2011 in Europe, yes.
And it’s just coming out now in the U.S. Is that schedule of the modern music industry, releasing it in different territories at different times and promoting it for years, does that rattle you at all or do you just get used to it?
Oh I’m fine with it. Doesn’t rattle me at all. I worked so long on this Mr. Yeats project in my imagination for 15, 20 years that spreading out the release dates and the campaign so that it lasts for two or three years is no hardship at all. Glad to be able to take my time and do it properly.
At the same time, it has been a very long, ongoing endeavor. Was it best that you worked on it almost as a hobby rather than piling through it say in 1995?
I don’t know. Well, the decision wasn’t really based on that kind of criteria. What it was, I waited until I had enough great Yeats’ interpretations. Yeats’ words are among the finest written in the English language so I had to do something really good to match up to that, and I took my time with it. I didn’t go public with it as a project until I felt that I had a sufficiently high quality collection of arrangements. So, timing.
What is it that attracts you to Yeats and why should it be his poetry recommended to others who may not be as familiar with him as you are?
Well, I like him because I like the subjects he writes about. I share his interests and I like the way he uses language. He’s a very, very great user of the English language.
You originally used his poetry on “The Stolen Child” on 1988’s Fisherman’s Blues. What was the original desire back then to put his words to music because the only other person who immediately comes to mind who did such a thing is Van Morrison? What made you think that this is a good idea that needs to be done and hopefully Yeats’ followers won’t crucify you for doing that?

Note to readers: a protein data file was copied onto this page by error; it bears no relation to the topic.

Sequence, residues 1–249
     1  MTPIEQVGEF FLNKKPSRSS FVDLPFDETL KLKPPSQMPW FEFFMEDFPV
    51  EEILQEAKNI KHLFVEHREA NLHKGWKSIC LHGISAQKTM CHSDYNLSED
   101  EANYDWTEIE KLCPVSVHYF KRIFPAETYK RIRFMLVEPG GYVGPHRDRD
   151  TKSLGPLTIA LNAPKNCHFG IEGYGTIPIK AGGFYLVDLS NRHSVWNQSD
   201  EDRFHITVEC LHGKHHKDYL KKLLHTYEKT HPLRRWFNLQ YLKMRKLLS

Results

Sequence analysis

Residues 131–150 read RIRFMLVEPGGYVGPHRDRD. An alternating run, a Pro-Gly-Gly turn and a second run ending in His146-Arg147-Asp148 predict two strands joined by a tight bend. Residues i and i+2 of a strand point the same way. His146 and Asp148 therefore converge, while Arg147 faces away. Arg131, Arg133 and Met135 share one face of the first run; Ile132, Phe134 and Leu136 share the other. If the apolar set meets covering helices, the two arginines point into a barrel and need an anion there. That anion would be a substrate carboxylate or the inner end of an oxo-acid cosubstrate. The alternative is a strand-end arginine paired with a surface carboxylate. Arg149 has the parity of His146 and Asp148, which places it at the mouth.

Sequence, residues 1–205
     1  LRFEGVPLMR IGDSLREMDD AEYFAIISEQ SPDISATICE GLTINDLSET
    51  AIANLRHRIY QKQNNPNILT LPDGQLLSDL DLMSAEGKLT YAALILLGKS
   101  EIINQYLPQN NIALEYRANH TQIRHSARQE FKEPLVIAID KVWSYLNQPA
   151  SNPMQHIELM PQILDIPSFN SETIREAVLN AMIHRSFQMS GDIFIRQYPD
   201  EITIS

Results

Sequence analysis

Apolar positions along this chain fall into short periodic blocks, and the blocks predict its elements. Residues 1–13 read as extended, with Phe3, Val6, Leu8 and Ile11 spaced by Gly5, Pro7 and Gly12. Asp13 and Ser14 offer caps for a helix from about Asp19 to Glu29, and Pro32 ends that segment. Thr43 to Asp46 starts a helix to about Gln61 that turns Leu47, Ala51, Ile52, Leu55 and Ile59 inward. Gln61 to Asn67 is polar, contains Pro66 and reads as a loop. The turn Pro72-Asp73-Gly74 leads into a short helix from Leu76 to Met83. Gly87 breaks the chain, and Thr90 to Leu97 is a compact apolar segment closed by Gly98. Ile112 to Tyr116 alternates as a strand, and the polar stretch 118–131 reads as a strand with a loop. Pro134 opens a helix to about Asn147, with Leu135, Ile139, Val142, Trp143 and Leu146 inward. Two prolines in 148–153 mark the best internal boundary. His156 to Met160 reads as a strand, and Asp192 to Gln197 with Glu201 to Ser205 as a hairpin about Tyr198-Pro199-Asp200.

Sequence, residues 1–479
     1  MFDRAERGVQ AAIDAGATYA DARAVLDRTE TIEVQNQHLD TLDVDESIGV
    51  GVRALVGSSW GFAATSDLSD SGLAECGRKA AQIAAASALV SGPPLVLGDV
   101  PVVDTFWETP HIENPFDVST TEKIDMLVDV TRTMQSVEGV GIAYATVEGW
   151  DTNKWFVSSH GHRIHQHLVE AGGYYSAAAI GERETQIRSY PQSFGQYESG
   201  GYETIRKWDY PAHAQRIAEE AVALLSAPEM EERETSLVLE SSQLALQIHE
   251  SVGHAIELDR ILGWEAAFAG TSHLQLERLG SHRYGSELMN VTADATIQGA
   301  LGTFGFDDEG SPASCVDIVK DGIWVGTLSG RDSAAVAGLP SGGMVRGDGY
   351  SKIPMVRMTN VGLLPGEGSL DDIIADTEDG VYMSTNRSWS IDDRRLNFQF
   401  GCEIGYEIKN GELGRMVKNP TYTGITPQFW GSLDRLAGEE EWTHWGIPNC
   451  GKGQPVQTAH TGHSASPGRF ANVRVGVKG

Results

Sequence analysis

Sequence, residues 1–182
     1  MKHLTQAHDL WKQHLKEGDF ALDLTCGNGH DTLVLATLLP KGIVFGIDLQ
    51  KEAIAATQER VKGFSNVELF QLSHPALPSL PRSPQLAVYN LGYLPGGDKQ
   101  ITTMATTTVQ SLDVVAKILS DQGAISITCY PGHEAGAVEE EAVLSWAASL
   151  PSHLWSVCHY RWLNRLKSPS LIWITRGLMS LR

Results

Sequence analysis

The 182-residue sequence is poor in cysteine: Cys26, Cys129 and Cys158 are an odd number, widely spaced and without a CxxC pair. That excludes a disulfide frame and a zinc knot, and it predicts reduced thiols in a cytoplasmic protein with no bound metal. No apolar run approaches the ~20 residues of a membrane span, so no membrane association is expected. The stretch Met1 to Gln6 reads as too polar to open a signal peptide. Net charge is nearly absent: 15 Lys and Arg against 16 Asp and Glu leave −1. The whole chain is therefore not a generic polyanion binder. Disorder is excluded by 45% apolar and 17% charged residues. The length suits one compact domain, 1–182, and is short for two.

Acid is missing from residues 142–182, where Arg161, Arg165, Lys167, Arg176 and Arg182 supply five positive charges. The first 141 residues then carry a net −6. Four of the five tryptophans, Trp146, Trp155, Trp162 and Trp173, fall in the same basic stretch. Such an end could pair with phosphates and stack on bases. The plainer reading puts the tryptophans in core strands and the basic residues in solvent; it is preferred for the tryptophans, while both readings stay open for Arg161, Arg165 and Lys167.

Well, I never cared what Yeats’ aficionados thought. If they had a problem with me doing it, I don’t really care about that. It was simply that the poem, “The Stolen Child” stood there on the page and seemed to me to cry out for music. It rhymed. It had a chorus that I heard in my mind as a melody. So, it’s just a small jump from that to writing music for it. And really, it was just because it was there. Like [George] Mallory who climbed Everest and someone asks, “Why?” and he says, “Because it’s there.” Well, just because Yeats poems were there and they spoke to me from the page and said, “Please, set us to music.”
The wonderful thing about it is once you got through that one you knew that you could do more.
Yeah, I didn’t do any more for a couple of years. I think the next one I did was “Love and Death,” which I set to music in 1991. That was on the Waterboys album, Dream Harder, which came out in the ‘90s. I did two or three others shortly after that, and a couple more in the late ‘90s. Then, in 2005 I had a sudden Yeats burst at that point. And that was when I knew I was beginning to approach having the crucial number of interpretations of high enough quality that I can lead a stage show and an album.